"The residents of Long Island rely heavily on the Long Island Rail Road," Fuschillo said. "They should not be penalized because Congress can't get their act together."
The father of America’s interstate highway system, President Dwight Eisenhower, once wrote that its “impact on the American economy— the jobs it would produce in manufacturing and construction — was beyond calculation.”
Decades later, those same words hold true as New York faces its own infrastructure and economic crisis. Investing in transportation projects can, and must, be a part of the solution.
Newsday is absolutely correct: The state's economy won't thrive without the infrastructure needed to support it ["Wish list for the new year," Editorial, Jan. 1].
Major projects like the Tappan Zee Bridge replacement are looming and one-third of all state and local highway bridges are structurally deficient or functionally obsolete. Facing budget deficits and a weak economy, we must find innovative ways to complete necessary projects that improve our infrastructure, economy and quality of life.
For a few moments, the children had more pressing issues than aches, boo-boos, yucky medicines and scary-looking medical devices at Winthrop-University Hospital's pediatric center.
"Look at all the toys," Carey Davis Jr., 7, shouted to his mom.
Mounds of stuffed animals, board games and toy cars awaited children at the Mineola hospital Friday.
It was part of the 14th annual Extend the Holidays toy drive organized by state Sen. Charles Fuschillo Jr. (R-Merrick). More than 2,000 toys were collected to be given to Winthrop's young patients throughout the year.
A Long Island senator blasted the Port Authority Thursday after it disclosed in court documents last month that this year's toll hikes would not be used to rebuild the World Trade Center.
"During the debate and discussion the Port Authority members . . . [said] this will complete the World Trade Center project," said Sen. Charles Fuschillo Jr. (R-Merrick). He said the authority "lied to the public."
In September, the New York and New Jersey chapters of AAA sued the authority to try to block the hike, arguing that use of funds for non-transportation projects would violate federal laws. The case is scheduled for a hearing in federal court in New York City next week.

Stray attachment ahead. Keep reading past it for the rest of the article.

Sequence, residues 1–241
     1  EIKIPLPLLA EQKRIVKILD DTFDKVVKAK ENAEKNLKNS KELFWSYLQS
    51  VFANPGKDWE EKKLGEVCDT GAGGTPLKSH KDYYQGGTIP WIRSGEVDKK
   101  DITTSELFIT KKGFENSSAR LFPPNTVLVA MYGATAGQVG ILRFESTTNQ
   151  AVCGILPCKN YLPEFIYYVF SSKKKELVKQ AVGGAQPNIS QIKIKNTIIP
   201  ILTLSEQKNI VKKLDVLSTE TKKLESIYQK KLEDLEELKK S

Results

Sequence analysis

A new law banning smoking on the platforms of Long Island Rail Road train stations took effect Sunday, bringing some harsh penalties along with it.
The legislation, sponsored by Sen. Charles Fuschillo, R-Merrick, and signed into law in August by Gov. Andrew Cuomo, extends existing smoking bans on all indoor mass transportation areas to outdoor ticketing, boarding or platform areas of train stations operated by the Metropolitan Transportation Authority.
Convicted drunken drivers would have to fill out a sworn affidavit to transfer their car registration to someone else, under a law being proposed by two Long Island lawmakers.
The idea is to hinder drivers from simply switching their vehicles' registrations to someone else to avoid having to install court-ordered detectors that prevent cars from starting if alcohol is detected.
ALBANY - Convicted drunk drivers who don't install breathalyzer-like devices in their cars might have to instead wear alcohol-detection anklets under a bill being unveiled this week, the Daily News has learned.
The bill would make it more difficult for those convicted of drunk driving to avoid having BAC monitors installed in their cars before they drive again.
Anyone claiming they no longer have a car in order to avoid having to install the device would be required to strap on an device similar to one Lindsay Lohan once sported.
State Sen. Charles Fuschillo Jr., a Republican from Merrick, has introduced legislation to ensure that people with autism receive insurance coverage for the screening, diagnosis and treatment of autism spectrum disorders.
Currently, those with autism are routinely denied insurance benefits for the treatment of their disorder, forcing their families to pay for costly treatments.